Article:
From Hugo to WordPress
Update 2020-10: I am going back to Hugo and writing blog post with Emacs+Org-Mode+ox-hugo.
I have been blogging with Hugo, a static site generator, for 5 months. Recently, I decided to ditch it and migrate to WordPress.Org for a more writer-friendly workflow. I want to spend more time and efforts on writing instead of coding.
The Developer-Writer Dilemma
Hugo is developer-friendly. It allows me to customize my site, in terms of the theme, layout, the content structure and also the Hugo Shortcodes very easily. I learned a lot when building the static site, the JAM stack concept, SCSS, HTML5 semantic tags, Opengraph, Twitter Card, et cetera. I like how simple it is to bring up the site, without setting up the LAMP or LEMP stack.
WordPress is writer-friendly. It allows me to write anytime, anywhere. I can write posts from my computer or my phone. Its mobile app even works offline, without an internet connection. This is a gamer changer to me because I can spend my time writing while holding my little son Casper to sleep. Editing with the new WordPress Block Editor (Gutenberg), shipped with WordPress 5.0, is much efficient, when compared to editing Markdown.
Developer and writer are both the identities I assigned to myself. This creates a dilemma. When I think about the customization, being able to build my site, Hugo gets me. When I think about the writing experience, being able to write whenever and wherever I am, and focus on the sentences instead of the Markdown syntax, WordPress gets me.
Then, I asked myself — why did I start blogging as the 2020 new year revolution?
The Original Intention
Why did I start this blog? It was actually not because of the developer identity. I have already been a developer for years and this identity is entrenched, without a shadow of a doubt. Instead, the original intention was to become a writer, which is a new identity I am pursuing.
When I was using Hugo, I spent more time on tweaking the codes instead of writing things. I researched the best way of rendering an image in Markdown with Hugo. I organized the contents and reorganized them again to a “better” structure. I forked the theme I was using because I don’t like how it was implemented.
These are all fun things from a developer’s perspective, but not for a writer. Playing around the Markdown syntax is a distraction to the writing of the underlying sentences and ideas. Also, managing the posts in the WordPress admin console is actually more efficient, compared to the content directory.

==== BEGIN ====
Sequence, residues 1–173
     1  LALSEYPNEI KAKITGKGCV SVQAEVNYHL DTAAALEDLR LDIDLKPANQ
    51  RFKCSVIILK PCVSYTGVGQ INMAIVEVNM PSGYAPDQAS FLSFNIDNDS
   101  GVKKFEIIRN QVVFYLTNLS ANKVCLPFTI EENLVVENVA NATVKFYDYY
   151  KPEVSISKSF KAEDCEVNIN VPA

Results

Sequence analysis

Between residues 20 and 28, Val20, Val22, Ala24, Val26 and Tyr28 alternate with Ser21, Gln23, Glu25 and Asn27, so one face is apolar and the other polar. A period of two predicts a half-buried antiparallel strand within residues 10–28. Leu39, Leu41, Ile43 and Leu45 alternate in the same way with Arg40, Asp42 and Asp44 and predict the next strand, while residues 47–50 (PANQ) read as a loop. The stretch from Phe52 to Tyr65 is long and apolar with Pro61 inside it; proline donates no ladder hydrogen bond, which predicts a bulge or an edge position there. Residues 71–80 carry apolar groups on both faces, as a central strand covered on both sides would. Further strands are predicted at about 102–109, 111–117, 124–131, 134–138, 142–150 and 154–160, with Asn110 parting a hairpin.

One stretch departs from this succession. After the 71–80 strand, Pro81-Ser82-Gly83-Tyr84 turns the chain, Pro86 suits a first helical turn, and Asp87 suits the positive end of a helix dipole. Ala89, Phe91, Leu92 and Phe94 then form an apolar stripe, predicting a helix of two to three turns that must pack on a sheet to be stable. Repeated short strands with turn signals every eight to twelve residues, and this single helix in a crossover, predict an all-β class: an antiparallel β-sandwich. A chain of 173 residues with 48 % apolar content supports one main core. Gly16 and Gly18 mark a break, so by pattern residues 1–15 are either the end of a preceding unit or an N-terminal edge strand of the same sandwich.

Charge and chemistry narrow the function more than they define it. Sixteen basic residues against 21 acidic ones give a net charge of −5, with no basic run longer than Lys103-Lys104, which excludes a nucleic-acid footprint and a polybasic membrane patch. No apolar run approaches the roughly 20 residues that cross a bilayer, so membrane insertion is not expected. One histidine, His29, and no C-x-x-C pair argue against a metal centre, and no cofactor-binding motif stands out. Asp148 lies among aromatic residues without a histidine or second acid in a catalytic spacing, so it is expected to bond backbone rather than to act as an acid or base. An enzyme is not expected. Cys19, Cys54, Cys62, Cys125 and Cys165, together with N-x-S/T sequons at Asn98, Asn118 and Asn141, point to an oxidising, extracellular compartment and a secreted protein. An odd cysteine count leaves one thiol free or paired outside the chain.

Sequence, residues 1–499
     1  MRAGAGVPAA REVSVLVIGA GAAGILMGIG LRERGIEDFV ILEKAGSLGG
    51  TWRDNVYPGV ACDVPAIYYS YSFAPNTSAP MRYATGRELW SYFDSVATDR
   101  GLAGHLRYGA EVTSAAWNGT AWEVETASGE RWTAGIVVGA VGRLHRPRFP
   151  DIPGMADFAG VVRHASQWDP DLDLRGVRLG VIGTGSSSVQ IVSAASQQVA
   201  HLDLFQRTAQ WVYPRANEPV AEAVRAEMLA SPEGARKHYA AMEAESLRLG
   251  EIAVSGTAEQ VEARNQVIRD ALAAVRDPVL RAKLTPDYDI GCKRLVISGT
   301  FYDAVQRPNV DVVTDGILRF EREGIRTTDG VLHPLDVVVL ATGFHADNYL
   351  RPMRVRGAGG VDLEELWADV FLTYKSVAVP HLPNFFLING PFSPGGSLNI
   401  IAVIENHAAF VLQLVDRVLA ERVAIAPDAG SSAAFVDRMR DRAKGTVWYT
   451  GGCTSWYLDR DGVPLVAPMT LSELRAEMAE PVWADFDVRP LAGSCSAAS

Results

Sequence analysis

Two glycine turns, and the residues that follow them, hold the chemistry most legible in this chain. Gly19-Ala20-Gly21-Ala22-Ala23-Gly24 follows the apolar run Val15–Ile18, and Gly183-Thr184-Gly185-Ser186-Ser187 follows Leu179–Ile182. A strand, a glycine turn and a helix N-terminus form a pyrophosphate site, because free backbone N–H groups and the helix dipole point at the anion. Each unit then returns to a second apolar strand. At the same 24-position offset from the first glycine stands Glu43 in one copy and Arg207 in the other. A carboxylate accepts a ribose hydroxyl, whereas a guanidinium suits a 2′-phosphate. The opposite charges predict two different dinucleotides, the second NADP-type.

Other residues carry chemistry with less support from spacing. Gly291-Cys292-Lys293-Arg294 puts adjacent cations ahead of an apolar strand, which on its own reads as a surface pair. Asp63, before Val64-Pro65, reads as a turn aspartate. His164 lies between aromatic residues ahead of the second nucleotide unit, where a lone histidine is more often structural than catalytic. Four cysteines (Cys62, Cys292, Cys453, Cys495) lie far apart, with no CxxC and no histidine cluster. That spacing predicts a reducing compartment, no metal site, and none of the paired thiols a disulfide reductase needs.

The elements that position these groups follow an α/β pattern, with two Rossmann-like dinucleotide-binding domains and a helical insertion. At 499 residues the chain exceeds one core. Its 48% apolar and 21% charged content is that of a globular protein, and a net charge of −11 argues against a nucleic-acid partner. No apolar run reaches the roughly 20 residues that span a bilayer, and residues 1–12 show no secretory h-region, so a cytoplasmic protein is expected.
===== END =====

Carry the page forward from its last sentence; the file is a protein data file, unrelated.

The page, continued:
The Verdict – WordPress
Redesign your life so the actions that matter most are also the actions that are easiest to do.
Atomic Habits, James Clear
“Be a writer” was what brought me to the blogging new year revolution. WordPress allows me to spend more time and efforts on writing. Open the browser or app, write and publish. Writing in rich text is just much more intuitive than plain text markdown, even though I am very proficient at Markdown.
After the migration, I found two things that stand out.
- The writing experience with the WordPress Block Editor (Gutenberg). It is definitely much more powerful and easy than Markdown to build a web page with a rich layout.
- Search without an external search engine. Get the latest search result within the site. The expense is the ability to customize the site easily and being able to manage all the configurations with our beloved version control git.
While the current trend in the industry seems to be moving from the LAMP-like stack or MEAN-like stack (Node.js) to the JAM-like stack (static site generator). I am in the opposite direction with most people. :p
My ideal workflow is to have WordPress-like (anytime, anywhere with a decent editor) writer experience and Hugo-like developer experience.
Parting with Hugo
This is an amicable parting! I have to say that Hugo is an awesome static site generator. I enjoyed the experiences with it when building the first version of this blog and published the first few posts. Here are the merits:
- Hugo is easy to install. I just need to download a single binary. While Jekyll (another static site generator need to pull a whole bunch of Ruby dependency.)
- Static site is very lightweight. I can deploy the site to the free f1-micro instance with only 0.2 shared CPU and 0.6 GB memory.
- Hugo is very developer-friendly. It has good documentation. The Hugo Pipe makes it super easy to customize the site with SASS/SCSS.
However, Hugo is not perfect and I struggled with it. Here are some complaints:
- Markdown is limited. e.g., create a link that opens in a new tab (<a> with target=“_blank”) is not straight-forward and not standardized by the Markdown spec.
- Hugo does not have a good plugin system. All features / plugins are coupled to the theme. If the theme does not provide the functionality I need, I am going to suffer, write my own, or fork the theme.
- Cannot write anytime, anywhere. When I find a typo on my phone, I need to correct it right away.
I have a feeling that I will meet Hugo again, in another scenario, in the future.